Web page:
Infographics have been around for many years and recently the increase of a number of easy-to-use, free tools have made the creation of infographics available to a large segment of the population. Social media sites such as Facebook and Twitter have also allowed for individual infographics to be spread among many people around the world. In newspapers, infographics are commonly used to show the semiology of graphics diagrams networks maps pdf, as well as maps, site plans, and graphs for summaries of data. Some books are almost entirely made up of information graphics, such as David Macaulay’s The Way Things Work.
Modern maps, especially route maps for transit systems, use infographic techniques to integrate a variety of information, such as the conceptual layout of the transit network, transfer points, and local landmarks. Public transportation maps, such as those for the Washington Metro and the London Underground, are well-known infographics. Indeed graphics can be more precise and revealing than conventional statistical computations. While contemporary infographics often deal with “qualitative” or soft subjects, generally speaking Tufte’s 1983 definition still speaks, in a broad sense, to what infographics are, and what they do—which is to condense large amounts of information into a form where it will be more easily absorbed by the reader.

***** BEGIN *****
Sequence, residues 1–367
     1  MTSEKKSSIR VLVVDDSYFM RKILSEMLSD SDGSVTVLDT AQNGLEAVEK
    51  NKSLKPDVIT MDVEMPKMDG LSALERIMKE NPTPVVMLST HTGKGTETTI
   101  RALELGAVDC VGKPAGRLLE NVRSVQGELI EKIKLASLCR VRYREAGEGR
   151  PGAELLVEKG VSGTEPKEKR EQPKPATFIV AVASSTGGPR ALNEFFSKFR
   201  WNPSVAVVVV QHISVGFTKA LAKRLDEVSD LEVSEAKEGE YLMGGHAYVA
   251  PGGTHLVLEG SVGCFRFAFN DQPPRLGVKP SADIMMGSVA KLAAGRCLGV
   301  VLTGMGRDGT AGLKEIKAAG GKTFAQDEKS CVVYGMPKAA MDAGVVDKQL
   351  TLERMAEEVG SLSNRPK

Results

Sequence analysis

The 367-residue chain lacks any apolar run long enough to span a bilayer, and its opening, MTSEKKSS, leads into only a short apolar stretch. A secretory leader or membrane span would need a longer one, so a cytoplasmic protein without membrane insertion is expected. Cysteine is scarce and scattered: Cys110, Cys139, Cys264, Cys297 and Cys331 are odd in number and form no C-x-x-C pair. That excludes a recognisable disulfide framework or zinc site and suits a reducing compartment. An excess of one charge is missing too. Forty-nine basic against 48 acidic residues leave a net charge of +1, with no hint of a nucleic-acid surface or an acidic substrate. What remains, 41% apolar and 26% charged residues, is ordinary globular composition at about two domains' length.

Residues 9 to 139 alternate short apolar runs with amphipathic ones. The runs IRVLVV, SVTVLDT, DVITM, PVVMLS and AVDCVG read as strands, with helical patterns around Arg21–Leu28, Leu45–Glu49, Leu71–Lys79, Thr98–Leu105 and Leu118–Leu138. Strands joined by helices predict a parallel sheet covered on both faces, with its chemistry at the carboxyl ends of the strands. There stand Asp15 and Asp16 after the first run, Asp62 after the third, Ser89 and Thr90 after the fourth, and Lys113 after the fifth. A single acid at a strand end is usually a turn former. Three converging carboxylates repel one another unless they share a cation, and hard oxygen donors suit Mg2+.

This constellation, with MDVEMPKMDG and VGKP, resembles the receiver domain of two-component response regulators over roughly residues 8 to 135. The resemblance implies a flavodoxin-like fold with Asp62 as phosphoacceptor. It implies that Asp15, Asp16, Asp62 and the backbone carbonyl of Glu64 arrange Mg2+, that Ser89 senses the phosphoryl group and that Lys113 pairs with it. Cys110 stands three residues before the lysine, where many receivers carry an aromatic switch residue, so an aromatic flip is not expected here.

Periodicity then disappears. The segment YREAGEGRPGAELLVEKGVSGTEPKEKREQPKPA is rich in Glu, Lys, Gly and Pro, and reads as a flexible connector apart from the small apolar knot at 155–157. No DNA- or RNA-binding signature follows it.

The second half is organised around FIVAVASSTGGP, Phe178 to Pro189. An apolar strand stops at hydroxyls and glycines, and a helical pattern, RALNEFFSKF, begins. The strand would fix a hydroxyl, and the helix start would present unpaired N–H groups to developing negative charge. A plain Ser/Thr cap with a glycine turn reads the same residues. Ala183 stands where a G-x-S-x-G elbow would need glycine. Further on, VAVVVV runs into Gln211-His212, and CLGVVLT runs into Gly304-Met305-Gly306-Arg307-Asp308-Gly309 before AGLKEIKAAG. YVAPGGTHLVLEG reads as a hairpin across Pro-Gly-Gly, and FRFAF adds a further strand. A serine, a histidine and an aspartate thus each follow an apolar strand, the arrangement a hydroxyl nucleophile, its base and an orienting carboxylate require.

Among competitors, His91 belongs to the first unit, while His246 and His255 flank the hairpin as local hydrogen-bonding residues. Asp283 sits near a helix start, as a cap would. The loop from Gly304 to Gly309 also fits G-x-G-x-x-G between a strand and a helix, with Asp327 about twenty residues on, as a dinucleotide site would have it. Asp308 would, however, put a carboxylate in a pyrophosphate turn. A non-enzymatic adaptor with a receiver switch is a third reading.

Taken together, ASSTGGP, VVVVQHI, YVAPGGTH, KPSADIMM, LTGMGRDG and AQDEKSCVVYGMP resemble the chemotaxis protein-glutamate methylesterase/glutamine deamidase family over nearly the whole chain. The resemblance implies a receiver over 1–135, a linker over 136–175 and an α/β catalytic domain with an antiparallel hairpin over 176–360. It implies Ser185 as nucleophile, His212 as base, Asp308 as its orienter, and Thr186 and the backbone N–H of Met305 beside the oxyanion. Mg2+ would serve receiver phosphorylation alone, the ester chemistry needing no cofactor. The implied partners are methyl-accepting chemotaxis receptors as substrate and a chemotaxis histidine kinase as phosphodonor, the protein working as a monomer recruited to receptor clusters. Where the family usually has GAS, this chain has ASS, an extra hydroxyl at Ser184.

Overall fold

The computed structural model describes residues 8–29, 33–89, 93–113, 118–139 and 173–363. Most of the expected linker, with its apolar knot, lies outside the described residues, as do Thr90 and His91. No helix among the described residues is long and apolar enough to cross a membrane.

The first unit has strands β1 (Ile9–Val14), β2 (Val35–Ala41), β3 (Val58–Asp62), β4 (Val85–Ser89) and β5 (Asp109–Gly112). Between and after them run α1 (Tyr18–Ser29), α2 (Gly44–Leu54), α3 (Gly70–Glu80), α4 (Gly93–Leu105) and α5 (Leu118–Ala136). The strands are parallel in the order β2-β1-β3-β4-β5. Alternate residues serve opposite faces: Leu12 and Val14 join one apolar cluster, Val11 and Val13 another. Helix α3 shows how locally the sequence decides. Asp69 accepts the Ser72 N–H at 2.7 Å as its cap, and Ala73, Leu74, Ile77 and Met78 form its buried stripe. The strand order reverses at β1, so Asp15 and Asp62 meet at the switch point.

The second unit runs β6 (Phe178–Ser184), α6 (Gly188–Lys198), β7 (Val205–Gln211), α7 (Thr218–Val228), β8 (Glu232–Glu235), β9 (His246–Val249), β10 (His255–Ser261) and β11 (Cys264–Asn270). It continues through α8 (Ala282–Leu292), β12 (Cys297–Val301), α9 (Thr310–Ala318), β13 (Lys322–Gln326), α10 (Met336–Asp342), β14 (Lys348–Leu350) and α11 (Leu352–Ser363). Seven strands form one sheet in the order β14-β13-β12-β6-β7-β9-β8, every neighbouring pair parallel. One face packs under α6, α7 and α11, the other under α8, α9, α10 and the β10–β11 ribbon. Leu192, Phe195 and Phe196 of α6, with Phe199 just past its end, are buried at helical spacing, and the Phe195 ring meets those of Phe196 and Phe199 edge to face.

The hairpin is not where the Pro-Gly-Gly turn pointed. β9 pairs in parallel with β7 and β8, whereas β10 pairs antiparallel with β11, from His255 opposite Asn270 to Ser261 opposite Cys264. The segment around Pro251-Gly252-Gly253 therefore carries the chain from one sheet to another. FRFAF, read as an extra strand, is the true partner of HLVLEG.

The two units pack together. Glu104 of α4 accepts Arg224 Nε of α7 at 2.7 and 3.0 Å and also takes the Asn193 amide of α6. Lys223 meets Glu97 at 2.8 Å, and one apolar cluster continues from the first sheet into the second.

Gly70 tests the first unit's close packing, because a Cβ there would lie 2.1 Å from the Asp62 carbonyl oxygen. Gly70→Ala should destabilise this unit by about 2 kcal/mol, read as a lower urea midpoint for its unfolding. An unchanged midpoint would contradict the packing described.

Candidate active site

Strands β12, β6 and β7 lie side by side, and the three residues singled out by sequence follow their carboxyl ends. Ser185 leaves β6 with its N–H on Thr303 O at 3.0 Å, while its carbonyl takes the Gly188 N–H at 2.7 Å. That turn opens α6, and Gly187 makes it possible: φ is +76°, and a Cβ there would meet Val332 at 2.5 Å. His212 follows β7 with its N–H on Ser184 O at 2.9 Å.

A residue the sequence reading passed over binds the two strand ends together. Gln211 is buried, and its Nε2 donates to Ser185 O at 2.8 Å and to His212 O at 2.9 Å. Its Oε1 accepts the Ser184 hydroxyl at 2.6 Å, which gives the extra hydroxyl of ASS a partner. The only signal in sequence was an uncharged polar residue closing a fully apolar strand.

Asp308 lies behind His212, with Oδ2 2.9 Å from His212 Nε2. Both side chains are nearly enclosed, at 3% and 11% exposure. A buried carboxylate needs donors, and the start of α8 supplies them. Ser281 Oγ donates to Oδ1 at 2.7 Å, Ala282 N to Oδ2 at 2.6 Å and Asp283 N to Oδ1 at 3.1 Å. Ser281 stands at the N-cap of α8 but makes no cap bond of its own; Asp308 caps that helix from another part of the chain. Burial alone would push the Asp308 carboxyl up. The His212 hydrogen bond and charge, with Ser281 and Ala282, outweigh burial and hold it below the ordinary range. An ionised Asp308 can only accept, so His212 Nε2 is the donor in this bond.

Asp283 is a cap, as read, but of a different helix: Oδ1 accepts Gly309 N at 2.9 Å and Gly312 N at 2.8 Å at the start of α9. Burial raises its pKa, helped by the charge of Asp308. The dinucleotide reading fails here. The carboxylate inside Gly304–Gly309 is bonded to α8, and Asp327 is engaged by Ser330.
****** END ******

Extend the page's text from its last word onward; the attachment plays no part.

In 1626, Christoph Scheiner published the Rosa Ursina sive Sol, a book that revealed his research about the rotation of the sun. Infographics appeared in the form of illustrations demonstrating the Sun’s rotation patterns. In 1786, William Playfair, an engineer and political economist, published the first data graphs in his book The Commercial and Political Atlas. Around 1820, modern geography was established by Carl Ritter. His maps included shared frames, agreed map legends, scales, repeatability, and fidelity.
In 1857, English nurse Florence Nightingale used information graphics to persuade Queen Victoria to improve conditions in military hospitals. The principal one she used was the Coxcomb chart, a combination of stacked bar and pie charts, depicting the number and causes of deaths during each month of the Crimean War. Charles Minard’s information graphic of Napoleon’s invasion of Russia. 1861 saw the release of an influential information graphic on the subject of Napoleon’s disastrous march on Moscow. James Joseph Sylvester introduced the term “graph” in 1878 in the scientific magazine Nature and published a set of diagrams showing the relationship between chemical bonds and mathematical properties.